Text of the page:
THE MEDIA YEARBOOK: Brett Morris, group CEO of FCB South Africa, reminds us what we may neglect when we follow the buzz.
What doesn’t happen very frequently is a follow-up on those predictions. This is because as an industry we are obsessed with the new and different but become quickly dismissive of the known and predictable. We abandon one illegitimate prediction after another, quickly moving on to the next ill-conceived prophecy without taking any responsibility for those that have been left parentless.As advertisers and marketers, we are often asked to comment on ‘what the future holds’ for our business or to predict the ‘next big thing’.
Now I’m not advocating that we need to honour the known and the predictable. We are duty bound to continually create communications that break the patterns of the obvious and offer them up in a compelling way. More than that, we need to refine how we produce our communications, always aware of the evolving technologies and platforms that create opportunities for us to communicate in more interesting ways.
But we must, at the same time, honour the fundamentals and constants that always have, and always will, underpin communications.
Perhaps we should stop predicting ‘The rise of…’ or ‘The death of…’ and focus rather on the ‘The relevance of…’ or even ‘The engagement with…’. Forget about new media versus old media. Let’s talk about the right media versus the wrong media.
So what are those constants and fundamentals? Well let’s tackle the two earth-shatteringly unsurprising ones: emotion and insight.
Emotional advertising is 11 times more efficient in market share growth according to Donald Gunn of The Gunn Report, which measures competitive excellence in the global advertising industry.
So why is it that so much advertising seems intent on ignoring the power of emotion in favour of emotionless content? Part of the answer is that we are constantly looking for other ‘easier’ ways to connect.
The digital era has seen the worst of this, where digital was mistaken for a strategy in itself, rather than just a medium. This is why, when a new platform or technology presents itself, it usually takes some time for it to be used in a way that elicits the right kind of emotional response. And eliciting an emotional response is never going to be easy. It takes insight, nuance and craft, and requires having an opinion.
This is where the context of a changing media environment becomes important and makes our lives even more difficult in an era of disposable content. You are not only expected to connect emotionally with your audience but you also have to do it on a far more regular basis, sometimes daily.
Agencies will have to adapt to a new model of high-value, high frequency content but it can’t happen at the expense of insight and emotional connection. This may take the form of a simple image, a well-crafted piece of copy or video content that doesn’t blow the budget (which will require production companies to evolve as much as agencies and clients need to).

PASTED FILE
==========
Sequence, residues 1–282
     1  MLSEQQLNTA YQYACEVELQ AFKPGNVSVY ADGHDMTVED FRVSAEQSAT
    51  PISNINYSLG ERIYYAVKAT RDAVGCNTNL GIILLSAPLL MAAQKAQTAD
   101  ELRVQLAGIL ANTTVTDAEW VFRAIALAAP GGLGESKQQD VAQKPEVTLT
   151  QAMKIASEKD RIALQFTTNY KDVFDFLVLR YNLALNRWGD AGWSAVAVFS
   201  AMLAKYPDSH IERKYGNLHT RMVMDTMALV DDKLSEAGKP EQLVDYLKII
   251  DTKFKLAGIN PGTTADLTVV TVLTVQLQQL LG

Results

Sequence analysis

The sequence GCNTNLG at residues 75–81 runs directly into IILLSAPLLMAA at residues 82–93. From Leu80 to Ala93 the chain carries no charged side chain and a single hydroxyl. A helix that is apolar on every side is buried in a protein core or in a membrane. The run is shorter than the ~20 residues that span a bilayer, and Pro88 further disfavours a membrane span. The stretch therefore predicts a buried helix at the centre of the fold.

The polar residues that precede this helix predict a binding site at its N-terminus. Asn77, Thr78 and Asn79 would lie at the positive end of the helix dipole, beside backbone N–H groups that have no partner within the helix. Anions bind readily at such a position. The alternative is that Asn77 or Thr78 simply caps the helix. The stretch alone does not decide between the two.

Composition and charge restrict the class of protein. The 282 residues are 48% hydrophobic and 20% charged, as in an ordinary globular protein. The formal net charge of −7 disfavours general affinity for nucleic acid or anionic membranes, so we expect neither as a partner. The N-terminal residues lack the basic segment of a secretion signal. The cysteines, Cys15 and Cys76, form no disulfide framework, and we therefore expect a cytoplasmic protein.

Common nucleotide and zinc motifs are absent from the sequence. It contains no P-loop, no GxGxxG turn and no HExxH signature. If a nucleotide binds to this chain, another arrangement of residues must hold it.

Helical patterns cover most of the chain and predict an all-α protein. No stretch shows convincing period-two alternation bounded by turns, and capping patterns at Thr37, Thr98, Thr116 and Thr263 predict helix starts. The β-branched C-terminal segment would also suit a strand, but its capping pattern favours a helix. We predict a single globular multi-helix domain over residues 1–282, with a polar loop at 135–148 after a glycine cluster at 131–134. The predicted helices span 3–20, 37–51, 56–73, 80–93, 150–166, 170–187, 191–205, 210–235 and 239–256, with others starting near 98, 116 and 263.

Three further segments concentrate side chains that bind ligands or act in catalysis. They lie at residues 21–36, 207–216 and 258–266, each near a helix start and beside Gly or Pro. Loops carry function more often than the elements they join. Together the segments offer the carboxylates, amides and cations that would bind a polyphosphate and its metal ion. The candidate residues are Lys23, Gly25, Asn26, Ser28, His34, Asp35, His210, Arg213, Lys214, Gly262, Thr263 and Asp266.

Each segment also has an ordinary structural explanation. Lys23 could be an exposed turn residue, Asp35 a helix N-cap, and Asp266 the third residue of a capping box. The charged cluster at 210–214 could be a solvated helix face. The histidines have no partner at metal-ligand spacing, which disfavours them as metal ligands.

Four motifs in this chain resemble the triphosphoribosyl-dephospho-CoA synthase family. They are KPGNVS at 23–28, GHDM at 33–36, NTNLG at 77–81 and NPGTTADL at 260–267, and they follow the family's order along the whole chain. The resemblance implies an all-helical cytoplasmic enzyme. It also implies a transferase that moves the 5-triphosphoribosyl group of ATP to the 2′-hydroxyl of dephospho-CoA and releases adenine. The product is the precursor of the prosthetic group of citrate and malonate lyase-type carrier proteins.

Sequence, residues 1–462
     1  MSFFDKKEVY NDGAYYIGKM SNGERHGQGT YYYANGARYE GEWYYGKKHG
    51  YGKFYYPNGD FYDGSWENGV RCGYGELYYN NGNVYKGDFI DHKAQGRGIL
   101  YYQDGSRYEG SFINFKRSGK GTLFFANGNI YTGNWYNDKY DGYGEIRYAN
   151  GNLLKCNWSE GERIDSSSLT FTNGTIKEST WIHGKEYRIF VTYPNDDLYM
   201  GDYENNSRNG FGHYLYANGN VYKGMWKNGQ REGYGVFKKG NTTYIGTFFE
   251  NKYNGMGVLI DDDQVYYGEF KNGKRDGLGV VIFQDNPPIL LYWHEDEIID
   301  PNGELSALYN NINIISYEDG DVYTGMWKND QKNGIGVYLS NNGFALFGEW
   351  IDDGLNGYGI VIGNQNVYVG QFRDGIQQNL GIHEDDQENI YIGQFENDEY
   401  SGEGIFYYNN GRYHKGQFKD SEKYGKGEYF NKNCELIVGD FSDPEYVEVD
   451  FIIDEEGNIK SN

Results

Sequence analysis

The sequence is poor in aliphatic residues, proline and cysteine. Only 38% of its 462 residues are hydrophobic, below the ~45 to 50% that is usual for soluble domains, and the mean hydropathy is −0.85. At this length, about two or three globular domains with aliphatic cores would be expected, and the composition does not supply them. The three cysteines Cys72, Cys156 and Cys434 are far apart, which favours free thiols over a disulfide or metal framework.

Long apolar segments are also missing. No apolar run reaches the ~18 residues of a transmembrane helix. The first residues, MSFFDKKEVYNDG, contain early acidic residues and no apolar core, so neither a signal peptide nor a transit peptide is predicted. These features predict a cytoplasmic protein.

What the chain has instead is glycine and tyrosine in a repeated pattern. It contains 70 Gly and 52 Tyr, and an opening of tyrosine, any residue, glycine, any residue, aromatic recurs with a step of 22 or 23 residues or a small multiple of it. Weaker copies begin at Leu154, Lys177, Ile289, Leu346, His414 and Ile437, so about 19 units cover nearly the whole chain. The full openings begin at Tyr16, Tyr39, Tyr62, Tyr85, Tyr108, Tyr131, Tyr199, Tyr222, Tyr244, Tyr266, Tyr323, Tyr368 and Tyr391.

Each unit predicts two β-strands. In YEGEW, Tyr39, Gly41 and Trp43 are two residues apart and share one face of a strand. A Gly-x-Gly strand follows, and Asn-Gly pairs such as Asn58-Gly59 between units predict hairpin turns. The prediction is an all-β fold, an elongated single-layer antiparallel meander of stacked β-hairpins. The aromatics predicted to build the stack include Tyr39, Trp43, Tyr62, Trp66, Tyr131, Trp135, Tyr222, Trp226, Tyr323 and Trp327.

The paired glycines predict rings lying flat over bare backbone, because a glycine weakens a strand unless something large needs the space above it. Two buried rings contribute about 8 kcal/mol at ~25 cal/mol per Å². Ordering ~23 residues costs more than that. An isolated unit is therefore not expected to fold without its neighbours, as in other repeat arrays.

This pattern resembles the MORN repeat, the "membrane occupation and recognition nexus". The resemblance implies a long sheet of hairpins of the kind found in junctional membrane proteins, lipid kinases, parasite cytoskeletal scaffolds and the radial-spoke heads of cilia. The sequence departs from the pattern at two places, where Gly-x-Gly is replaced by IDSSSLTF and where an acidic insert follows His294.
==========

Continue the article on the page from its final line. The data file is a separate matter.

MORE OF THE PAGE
The medium is not the message, however. Just because we are now able to reach our audience on more platforms in more intimate spaces doesn’t mean that they want us to reach them. That is, at least not unless we can add some value to their lives and offer them something relevant and engaging.
And what about insight? How do we find those gems, particularly in a data rich world? Big data has been touted as another panacea for all marketing woes. Ironically, it seems that even though we have access to loads more data, we are not getting any more relevant insights.
Maybe all that data is confusing the issue rather than helping it.
Perhaps we’ve started looking for the wrong kind of things – like how old we are, where we live or the last thing we searched for. Analysis of data can default towards a rational view, in contrast to new marketing theory that is coming to terms with the fact that human beings are ‘Predictably Irrational’ (with thanks to Dan Ariely, author of a book of the same name).
Evidence shows that 95% of all our decisions are made intuitively based on what feels right at the time. When you tap into the fundamental needs that bind us or the cultural nuances that talk straight to our hearts and move us emotionally, then you are able to connect in more profound way.
My prediction is that no matter how many new and shiny things come our way, we will always need emotion and insight. And those who can champion them in the ever-evolving media and technology context will win. You can hold me to that.
This post was first published in 2015 The Media Yearbook. A digital version of the full magazine can be downloaded here.
IMAGE: FCB South Africa / What matters to us
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